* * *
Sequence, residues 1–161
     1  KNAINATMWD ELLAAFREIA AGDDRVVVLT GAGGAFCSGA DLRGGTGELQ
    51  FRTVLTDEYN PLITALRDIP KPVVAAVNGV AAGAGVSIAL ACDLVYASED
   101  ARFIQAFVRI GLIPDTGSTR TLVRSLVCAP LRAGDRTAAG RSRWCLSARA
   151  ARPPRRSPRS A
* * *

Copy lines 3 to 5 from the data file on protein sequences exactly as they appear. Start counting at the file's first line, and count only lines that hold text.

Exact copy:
    51  FRTVLTDEYN PLITALRDIP KPVVAAVNGV AAGAGVSIAL ACDLVYASED
   101  ARFIQAFVRI GLIPDTGSTR TLVRSLVCAP LRAGDRTAAG RSRWCLSARA
   151  ARPPRRSPRS A